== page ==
|Commentary, Chapters 13-18|
|Friday, 21 September 2007|
And finally, I get to introduce Kevin. He’s one of my most important characters even though he doesn’t enjoy a full introduction until page 91 (although he’s already been mentioned, back at the beginning of Chapter 3). Kevin was probably the last major character I added to Dark Friday.
Book manuscripts go through various phases of “chapter ordering” in the editing process prior to publication — sometimes chapters get dropped, sometimes split up, other times combined. I was happy when this chapter landed at number 13. I think it offers a certain artistic integrity to Kevin’s introduction.
Story Behind the Name: Shade Carlson
I can tell this one, too, because I remember — though he’s a minor character with no actual scenes. Shade was the first name of a guy I took journalism class with, first semester of my freshman year of college in Nebraska. He always got all the plum sports assignments (football, etc.), whereas I got to cover cross country. (And not even semi-interesting cross country at that: I would have to write a story about how the cross country team finished last at their latest event.)
Regrettably, I couldn’t get Shade Carlson into a scene. At one point I had the idea for Kevin to actually call Carlson and interrupt some important press conference, but I abandoned it when I realized it made Kevin come off kinda mean-spirited. (I loathe that term. I can’t believe I just used it.)
The cornfield foreshadowing is based on something I saw in person just outside of Jasonville to the north. I’d packed my camera away, so this is my best attempt at recreating what it looked like. It was the thickest, billowiest, fog I’ve ever seen in my life. This atmospheric event isn’t meant to be some Children of the Corn moment or anything; just a weird, “coincidental” thing that happens to Kevin…in Chapter 13.
Some people have told me that I can write a kid with an attitude problem a little too well. What? Like that’s my fault?
Isn’t it weird how certain cops can have this condition at all hours of the day?
I have some in-laws in Chicago. Seemed like a good city to give a mention to. Four of them have the last name Barnes (hence a Dr. Barnes also shows up in this scene).
There actually isn’t a Jasonville High in Jasonville. The school there is called Shakamak Schools, and their nickname is not the Yellowjackets. The real school in Jasonville is also a combined junior high and senior high.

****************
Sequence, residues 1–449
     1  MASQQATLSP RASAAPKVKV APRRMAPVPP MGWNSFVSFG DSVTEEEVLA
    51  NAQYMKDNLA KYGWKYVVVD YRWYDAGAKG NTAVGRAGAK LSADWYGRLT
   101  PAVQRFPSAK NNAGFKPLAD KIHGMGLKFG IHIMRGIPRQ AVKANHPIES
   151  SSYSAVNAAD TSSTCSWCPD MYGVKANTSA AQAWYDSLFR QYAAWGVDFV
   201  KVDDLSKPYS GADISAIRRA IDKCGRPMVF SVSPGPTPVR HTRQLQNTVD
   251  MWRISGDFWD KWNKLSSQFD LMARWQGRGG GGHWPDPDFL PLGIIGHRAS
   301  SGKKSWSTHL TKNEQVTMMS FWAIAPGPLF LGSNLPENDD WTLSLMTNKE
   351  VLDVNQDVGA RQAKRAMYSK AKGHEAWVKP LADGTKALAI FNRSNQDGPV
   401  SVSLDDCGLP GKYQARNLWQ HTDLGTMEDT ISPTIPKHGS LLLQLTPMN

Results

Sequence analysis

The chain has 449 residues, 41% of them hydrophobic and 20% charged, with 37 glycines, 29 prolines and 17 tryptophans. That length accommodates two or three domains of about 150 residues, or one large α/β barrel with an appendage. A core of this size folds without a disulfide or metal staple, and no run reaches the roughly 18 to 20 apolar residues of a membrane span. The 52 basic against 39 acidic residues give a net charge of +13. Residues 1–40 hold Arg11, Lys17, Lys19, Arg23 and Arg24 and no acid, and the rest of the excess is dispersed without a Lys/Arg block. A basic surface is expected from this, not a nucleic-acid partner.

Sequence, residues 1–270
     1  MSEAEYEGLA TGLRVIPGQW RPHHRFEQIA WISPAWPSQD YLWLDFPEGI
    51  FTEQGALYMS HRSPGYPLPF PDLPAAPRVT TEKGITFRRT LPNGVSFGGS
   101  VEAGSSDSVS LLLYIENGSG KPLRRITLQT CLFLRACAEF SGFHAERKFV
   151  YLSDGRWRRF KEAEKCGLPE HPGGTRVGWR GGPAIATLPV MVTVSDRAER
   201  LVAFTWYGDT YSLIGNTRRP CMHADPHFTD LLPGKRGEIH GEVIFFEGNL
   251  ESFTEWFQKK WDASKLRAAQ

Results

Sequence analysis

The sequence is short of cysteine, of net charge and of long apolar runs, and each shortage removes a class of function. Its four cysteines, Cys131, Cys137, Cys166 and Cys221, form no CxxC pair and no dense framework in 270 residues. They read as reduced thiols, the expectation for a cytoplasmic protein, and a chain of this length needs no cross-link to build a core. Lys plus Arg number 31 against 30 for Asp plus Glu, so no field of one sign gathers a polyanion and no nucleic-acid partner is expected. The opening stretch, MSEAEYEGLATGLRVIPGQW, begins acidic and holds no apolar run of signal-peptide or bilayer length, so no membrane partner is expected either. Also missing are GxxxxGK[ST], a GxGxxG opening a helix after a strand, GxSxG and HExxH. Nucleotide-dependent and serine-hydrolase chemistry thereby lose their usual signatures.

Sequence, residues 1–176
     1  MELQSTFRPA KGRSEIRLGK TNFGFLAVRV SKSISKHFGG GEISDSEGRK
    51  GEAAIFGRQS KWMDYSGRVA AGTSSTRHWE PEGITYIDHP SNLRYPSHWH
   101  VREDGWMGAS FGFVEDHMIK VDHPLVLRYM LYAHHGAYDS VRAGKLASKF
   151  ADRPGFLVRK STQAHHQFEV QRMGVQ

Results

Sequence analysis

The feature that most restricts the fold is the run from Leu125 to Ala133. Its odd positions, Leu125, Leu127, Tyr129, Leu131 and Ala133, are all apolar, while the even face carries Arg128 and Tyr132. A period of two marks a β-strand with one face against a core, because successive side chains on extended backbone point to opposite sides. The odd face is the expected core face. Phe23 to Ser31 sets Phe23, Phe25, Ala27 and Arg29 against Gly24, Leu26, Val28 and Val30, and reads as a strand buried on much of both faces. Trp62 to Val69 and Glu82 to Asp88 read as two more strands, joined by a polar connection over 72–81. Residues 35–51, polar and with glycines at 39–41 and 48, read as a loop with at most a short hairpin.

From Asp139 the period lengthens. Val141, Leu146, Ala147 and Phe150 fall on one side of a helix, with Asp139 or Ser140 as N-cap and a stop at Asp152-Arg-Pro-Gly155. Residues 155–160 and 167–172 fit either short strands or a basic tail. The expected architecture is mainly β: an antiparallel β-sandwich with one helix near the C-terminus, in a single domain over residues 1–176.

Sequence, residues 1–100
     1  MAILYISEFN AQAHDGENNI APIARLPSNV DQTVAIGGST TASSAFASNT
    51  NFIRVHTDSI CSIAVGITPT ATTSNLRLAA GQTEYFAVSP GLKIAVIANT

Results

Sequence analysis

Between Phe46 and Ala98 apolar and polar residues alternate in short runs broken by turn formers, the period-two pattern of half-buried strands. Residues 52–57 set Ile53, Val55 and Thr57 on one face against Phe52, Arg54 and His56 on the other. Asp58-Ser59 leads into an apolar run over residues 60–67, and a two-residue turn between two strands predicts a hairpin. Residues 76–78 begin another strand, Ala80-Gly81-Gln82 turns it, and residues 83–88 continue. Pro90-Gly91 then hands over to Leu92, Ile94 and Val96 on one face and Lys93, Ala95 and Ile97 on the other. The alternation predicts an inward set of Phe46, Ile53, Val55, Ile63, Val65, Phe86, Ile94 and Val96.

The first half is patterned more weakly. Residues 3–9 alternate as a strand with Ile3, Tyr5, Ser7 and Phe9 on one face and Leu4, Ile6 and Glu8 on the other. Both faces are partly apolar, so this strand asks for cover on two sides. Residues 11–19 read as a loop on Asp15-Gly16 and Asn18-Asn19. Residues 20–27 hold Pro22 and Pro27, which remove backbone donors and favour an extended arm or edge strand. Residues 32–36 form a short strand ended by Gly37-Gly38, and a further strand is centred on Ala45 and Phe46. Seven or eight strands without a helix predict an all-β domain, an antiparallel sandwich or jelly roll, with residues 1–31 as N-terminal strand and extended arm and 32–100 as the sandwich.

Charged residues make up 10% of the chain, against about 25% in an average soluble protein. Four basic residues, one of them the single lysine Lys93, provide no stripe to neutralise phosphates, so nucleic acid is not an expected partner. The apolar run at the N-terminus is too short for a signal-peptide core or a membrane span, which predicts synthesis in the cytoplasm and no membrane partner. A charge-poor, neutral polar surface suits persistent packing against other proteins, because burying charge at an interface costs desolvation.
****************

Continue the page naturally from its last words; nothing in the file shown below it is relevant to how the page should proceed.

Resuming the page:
It’s just one of those things where I didn’t want to place this sort of scene at an actual school. (There are some minor geographical similarities.)
I wanted to keep this scene “outside.” In light of tragic real-life things that have happened inside various schools around the country, I intentionally wanted to keep some distance. I certainly didn’t want anything bad in my story to happen inside a school. We all have our boundaries, self-imposed as they may be.
I went to high school with a guy whose last name was Jergens who I did not care for. Apparently, he became more likable as he got older (or so I’m told). So my Agent Jergens character gets better later in my story, too.
Nothing but the best equipment for Kevin. He was, after all, famous at one time. His laptop is fancier than mine. I wrote most of Dark Friday on an Apple iBook G4 — easily the best computer/electronics item I’ve ever owned, and a great writing tool.
One of my favorite lines of internal monologue in the whole book. One hundred percent Rix…at his best.
This scene with Cameron and the chaplain was originally quite long. I decided to split it up with Rix’s post-meeting reaction. Hopefully it works. I think the flow is still pretty good.
This is a reference to a real program in Indiana that rewards inmates who volunteer for religious training.
Here we have a little bit of an anti-smoking message. The man of God who smokes briefly ponders his own mortality.
This scene was a late addition to the book. I couldn’t resist the idea that Chief Rix and Chaplain Ashton knew each other.
I’d like to propose a new “rule” for all mystery/suspense fiction: Anytime a scene ends with a flicked cigarette, you know something troublesome has just went down.
Hope has a staph infection, though Aunt Maria doesn’t specifically say it here. Same thing happened to my sister after she gave birth to my third nephew.
Sheila’s Steakhouse…I think I got “Sheila” from the late Croc Hunter, Steve Irwin. (It was a name he’d use to refer to female animals).
I also have a steakhouse scene in my first book. I like food. Restaurant food in particular. I could easily weigh 50-100 pounds more.
This scene with Cameron and the baby’s screams is one of the reasons I wrote this book. That might sound odd, but I could picture it early on and really wanted the scene to turn out right. I could “hear” this scene, and I thought it would be an appropriate way to show Cameron’s torment — at a time where the reader may or may not be sure of his guilt. It turned out pretty close to how I envisioned it, which always makes a writer happy. My “only regret” is that it didn’t end up closer to the conclusion of the book.
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